Picture of a sphere with binary code

Making Strathclyde research discoverable to the world...

The Strathprints institutional repository is a digital archive of University of Strathclyde research outputs. It exposes Strathclyde's world leading Open Access research to many of the world's leading resource discovery tools, and from there onto the screens of researchers around the world.

Explore Strathclyde Open Access research content

Introducing vocational qualifications in care to the Socialist Republic of Vietnam

Taylor, Raymond and Thai Lan, N.T. and Stevens, Irene (2009) Introducing vocational qualifications in care to the Socialist Republic of Vietnam. Social Work Education, 28 (1). pp. 29-41. ISSN 0261-5479

[img] Microsoft Word (Social_Work_Education_-_final.doc)
Social_Work_Education_-_final.doc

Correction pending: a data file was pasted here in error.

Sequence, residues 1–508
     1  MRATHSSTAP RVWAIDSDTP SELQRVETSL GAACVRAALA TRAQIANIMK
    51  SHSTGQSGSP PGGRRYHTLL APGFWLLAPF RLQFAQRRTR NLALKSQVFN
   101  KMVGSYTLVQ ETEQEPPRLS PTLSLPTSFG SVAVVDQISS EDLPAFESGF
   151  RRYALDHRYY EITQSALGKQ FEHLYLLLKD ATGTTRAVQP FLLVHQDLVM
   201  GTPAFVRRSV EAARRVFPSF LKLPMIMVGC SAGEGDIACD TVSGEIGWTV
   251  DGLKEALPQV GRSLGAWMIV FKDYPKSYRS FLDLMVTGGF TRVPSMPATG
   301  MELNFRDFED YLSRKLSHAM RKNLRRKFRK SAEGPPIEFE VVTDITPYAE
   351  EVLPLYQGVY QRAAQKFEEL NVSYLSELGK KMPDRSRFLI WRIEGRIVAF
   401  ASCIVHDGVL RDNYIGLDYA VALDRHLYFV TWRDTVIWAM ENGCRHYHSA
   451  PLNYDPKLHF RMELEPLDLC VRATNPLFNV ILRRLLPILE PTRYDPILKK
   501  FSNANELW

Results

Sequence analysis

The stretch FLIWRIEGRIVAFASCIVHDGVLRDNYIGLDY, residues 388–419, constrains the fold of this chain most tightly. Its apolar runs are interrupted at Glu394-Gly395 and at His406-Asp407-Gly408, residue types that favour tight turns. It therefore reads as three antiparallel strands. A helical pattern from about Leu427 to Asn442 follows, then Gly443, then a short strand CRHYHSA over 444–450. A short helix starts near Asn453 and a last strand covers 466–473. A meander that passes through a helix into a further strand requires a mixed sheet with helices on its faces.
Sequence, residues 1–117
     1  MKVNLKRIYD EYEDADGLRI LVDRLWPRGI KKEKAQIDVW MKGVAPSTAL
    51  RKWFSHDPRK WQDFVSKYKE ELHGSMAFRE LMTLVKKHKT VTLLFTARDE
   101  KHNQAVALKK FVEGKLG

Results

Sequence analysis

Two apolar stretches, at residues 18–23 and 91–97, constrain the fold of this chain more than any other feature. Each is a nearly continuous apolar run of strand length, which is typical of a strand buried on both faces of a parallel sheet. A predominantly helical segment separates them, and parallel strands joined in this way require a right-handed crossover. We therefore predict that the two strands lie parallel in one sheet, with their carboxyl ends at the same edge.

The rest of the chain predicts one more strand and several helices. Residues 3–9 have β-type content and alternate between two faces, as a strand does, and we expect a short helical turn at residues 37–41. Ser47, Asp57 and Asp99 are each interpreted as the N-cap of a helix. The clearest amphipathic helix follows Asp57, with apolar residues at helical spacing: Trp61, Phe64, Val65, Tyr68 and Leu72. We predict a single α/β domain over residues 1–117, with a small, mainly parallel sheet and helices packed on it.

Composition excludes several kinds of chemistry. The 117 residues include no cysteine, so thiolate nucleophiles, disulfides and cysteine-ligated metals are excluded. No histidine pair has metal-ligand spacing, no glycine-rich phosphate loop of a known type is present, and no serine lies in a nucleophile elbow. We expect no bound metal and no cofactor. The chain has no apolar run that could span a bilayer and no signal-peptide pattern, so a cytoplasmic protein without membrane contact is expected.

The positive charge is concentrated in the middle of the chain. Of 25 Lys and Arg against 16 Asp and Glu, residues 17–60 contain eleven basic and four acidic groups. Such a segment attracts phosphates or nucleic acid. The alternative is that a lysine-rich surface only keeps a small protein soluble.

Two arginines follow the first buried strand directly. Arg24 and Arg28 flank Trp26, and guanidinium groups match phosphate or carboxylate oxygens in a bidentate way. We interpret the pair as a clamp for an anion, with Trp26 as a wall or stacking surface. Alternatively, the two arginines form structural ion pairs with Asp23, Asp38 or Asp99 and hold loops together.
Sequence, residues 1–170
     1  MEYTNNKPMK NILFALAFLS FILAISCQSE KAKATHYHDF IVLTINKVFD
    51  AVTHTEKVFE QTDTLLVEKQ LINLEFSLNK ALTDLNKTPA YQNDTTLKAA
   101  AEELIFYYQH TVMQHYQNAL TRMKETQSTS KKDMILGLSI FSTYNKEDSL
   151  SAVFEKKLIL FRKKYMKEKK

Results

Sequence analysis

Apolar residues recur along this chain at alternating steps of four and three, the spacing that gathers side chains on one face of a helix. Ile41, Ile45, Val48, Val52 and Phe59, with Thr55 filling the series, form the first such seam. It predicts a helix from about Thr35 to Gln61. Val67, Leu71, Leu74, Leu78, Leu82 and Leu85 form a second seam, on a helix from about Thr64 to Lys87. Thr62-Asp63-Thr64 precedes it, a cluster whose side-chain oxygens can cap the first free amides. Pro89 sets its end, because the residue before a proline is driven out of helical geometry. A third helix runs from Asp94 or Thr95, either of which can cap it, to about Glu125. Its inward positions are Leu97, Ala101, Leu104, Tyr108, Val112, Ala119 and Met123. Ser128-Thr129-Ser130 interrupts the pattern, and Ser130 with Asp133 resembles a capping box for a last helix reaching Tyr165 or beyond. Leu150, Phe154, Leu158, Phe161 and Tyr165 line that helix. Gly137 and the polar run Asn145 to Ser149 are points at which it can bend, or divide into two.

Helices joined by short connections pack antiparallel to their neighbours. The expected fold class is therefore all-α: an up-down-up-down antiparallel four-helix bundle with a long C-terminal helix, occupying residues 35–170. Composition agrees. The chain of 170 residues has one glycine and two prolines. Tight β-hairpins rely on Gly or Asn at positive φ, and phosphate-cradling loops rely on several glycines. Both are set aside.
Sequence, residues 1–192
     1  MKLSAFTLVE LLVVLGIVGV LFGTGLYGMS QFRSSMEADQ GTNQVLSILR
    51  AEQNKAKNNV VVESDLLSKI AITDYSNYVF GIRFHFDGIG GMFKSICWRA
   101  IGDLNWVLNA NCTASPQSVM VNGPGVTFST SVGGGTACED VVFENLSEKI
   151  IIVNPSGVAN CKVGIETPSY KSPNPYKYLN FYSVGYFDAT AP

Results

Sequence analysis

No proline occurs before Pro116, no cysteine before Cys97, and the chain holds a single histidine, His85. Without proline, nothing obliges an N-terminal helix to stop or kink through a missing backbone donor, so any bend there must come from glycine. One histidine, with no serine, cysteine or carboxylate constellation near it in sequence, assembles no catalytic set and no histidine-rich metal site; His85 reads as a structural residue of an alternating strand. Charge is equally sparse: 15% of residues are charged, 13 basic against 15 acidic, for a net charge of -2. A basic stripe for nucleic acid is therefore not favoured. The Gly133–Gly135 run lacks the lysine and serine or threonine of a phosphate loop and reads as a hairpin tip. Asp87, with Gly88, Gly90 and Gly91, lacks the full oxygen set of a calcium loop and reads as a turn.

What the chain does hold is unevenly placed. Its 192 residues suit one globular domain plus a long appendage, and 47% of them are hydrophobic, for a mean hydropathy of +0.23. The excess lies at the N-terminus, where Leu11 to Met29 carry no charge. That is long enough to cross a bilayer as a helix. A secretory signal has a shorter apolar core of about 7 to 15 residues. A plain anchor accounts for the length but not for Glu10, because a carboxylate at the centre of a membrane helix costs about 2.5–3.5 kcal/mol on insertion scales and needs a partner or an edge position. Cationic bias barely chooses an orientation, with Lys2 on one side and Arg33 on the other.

Download (138kB)

Abstract

While social work is now a recognised profession in 84 countries, it is an area which is still in its infancy in the developing world. In Vietnam, the process of developing the understanding and practice of social work is unfolding. One recent initiative has been the introduction of vocational qualifications in Care to the Vietnamese system of social services, an initiative with which the authors of this paper were centrally involved. This paper describes the authors' experience of introducing a vocational qualification into two of the country's key sites for care provision , namely Social Protection Centres and Communes (village communities). A new range of social need has been growing in Vietnam, alongside its rapid economic development. Care services such as Social protection Centres and Communes have found themselves under increasing pressure to respond to these needs. Like many developing countries, social services are delivered by a largely unqualified workforce. The paper describes the approach taken to determine the content and most appropriate system for delivering a new qualification for this group of staff in Vietnam. The paper justifies the selection of a vocational qualification system and provides a reflective commentary on this initiative in the light of current developments in Social Work in the United Kingdom.